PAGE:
Mental toughness describes a set of attributes relating to how individuals deal with challenges, stressors, and pressure. The purpose of this paper is to examine the relationships between mental toughness and perceived stress in police and fire officers.
The participants were 247 police officers and 130 fire fighters. Participants completed questionnaire measures of mental toughness and perceived stress, and provided information about their age, rank, and length of service within the force.
Mental toughness was found to be significantly related to perceived stress, with control of emotion, control of life, and confidence in abilities being particularly important. There was no consistent relationship of age, rank, or length of service with mental toughness and perceived stress. However, police officers reported lower levels of mental toughness and higher levels of perceived stress than fire officers.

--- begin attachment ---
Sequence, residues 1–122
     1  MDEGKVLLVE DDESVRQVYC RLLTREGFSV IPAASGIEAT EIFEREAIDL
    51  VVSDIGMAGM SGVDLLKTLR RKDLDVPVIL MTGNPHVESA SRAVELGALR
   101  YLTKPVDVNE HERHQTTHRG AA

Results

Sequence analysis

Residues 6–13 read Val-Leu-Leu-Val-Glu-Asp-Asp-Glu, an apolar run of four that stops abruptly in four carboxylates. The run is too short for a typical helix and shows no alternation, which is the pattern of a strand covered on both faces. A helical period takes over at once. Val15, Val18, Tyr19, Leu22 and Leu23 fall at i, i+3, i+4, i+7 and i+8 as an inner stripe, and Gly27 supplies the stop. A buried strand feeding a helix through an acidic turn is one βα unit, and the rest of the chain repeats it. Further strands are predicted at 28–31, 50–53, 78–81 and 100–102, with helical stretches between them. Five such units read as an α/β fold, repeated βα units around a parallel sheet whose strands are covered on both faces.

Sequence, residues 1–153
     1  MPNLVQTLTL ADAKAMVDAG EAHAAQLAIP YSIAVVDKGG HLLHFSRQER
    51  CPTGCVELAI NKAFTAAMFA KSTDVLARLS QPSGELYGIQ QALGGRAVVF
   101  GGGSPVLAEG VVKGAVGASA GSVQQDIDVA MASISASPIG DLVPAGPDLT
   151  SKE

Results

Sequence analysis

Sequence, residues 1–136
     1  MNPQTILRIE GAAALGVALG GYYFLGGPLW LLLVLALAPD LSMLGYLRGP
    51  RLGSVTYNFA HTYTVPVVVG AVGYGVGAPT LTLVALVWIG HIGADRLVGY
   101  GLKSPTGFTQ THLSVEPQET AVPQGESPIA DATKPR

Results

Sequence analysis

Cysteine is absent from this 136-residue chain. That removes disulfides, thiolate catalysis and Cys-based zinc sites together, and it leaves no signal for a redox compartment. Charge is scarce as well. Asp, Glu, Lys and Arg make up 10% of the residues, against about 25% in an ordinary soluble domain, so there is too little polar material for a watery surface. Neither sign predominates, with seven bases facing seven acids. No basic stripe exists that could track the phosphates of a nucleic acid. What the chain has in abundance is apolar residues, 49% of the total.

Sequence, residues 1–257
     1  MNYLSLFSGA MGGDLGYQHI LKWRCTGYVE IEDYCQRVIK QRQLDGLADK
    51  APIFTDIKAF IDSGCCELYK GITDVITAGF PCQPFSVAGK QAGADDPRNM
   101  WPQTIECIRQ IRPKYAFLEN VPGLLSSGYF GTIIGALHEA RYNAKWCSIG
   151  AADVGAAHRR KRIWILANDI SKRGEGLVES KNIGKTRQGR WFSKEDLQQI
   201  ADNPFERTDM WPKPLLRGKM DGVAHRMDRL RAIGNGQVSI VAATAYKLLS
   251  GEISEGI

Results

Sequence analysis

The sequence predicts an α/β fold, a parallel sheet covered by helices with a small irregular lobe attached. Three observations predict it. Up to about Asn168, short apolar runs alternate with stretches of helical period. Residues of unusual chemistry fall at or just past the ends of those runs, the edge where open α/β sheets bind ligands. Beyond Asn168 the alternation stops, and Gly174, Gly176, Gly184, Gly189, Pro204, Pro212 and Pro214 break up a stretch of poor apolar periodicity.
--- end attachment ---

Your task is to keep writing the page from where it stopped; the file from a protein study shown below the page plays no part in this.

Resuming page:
The results suggest that assessing police and fire officers on a measure of mental toughness could provide a means of identifying individuals more likely to suffer from stress and stress-related physical and psychological illness. In addition, interventions that may enhance mental toughness could have beneficial effects within this population.
This is the first study to examine mental toughness and perceived stress within this population, and the findings have important implications for the management of stress.
Ward, F., St Clair-Thompson, H. and Postlethwaite, A. (2018), "Mental toughness and perceived stress in police and fire officers", Policing: An International Journal, Vol. 41 No. 6, pp. 674-686. https://doi.org/10.1108/PIJPSM-01-2017-0013Download as .RIS
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